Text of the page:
I’ve said this before and I’ll say it again, less is most definitely more. It’s advice I impart time after time, yet in this particular instance it’s advice I’ve disregarded. Occasionally, even an expert can ruin the mixture and here’s my own particular ruinous journey…
I’m in the process of redesigning sample dresses for my website. It’s always nice to try out some new designs in different fabrics and it gives me an opportunity to stretch my creativity.
As regular readers know, I’m very much a fabric lead designer, with ideas coming together when the cloth is on the mannequin.
I’m always influenced by the 1950s designs – after the 1930’s, I believe it’s the most elegant era, and unlike the 1930s the styles are pretty much accessible to all, whatever your body shape may be. The 1950s silhouette is certainly the most requested shape for both brides and mothers of the bride alike – something which will flatter the top half, under which a bra can be worn, and a multitude of sins hidden.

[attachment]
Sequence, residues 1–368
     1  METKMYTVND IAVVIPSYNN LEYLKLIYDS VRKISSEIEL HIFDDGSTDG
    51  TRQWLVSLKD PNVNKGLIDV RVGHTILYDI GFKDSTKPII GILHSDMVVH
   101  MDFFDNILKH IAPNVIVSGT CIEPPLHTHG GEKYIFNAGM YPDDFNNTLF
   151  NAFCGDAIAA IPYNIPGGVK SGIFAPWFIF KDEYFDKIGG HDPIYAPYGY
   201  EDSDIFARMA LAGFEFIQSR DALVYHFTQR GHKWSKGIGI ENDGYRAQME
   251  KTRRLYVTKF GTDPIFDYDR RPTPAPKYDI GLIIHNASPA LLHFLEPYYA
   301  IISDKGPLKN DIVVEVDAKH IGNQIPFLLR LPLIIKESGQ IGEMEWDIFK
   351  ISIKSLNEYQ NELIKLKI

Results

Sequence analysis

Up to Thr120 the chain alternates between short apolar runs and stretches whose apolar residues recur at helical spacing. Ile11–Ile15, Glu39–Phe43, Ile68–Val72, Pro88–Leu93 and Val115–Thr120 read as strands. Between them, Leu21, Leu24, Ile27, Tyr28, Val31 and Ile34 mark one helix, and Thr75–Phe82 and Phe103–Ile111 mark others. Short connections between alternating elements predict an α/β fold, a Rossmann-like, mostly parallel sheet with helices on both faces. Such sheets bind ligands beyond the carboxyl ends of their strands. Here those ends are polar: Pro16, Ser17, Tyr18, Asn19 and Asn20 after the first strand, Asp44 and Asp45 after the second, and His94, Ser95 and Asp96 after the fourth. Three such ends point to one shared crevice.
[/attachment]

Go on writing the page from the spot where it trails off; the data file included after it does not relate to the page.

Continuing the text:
So, I set to work in early January, designing a bodice, using a remnant of the beautiful Princess Duchess Satin from James Hare silks. I didn’t have enough for the skirt, but that didn’t bother me as I wanted to use a contrasting fabric. I had my eye on the Marton Mills Cairngorm Pebble & Sky. I thought using a muted blue would be a witty take on the “something blue” tradition.
The most flattering way to create volume (and hide the bottom and tummy) is a circular skirt; it’s dramatic but flattering across the tummy area, unlike it’s gathered or pleated counterparts. The downside of the circular skirt is the sheer volume of cloth required (in this instance 5mtrs!). However, a full length circular skirt in tweed would be far too heavy for the bodice. To be creative I sought alternative fabrics for the skirt. Finding a little gem in Litmans metallic satin in blue, I opted to use this for the full length skirt, with a tweed overskirt…
…and then I decided to bead! Oh yes, not content with the contrasting fabrics, a bit of piping on the neckline, I decided to add extra beading. Of course the design didn’t come together overnight, this mammoth piece of construction has taken the best part of three months in the making and I have to admit, I’m rather disappointed with the results. In the meantime, I’ve designed and made many less grand scale dresses and suits, with, in my opinion, far superior results. However, judge for yourselves: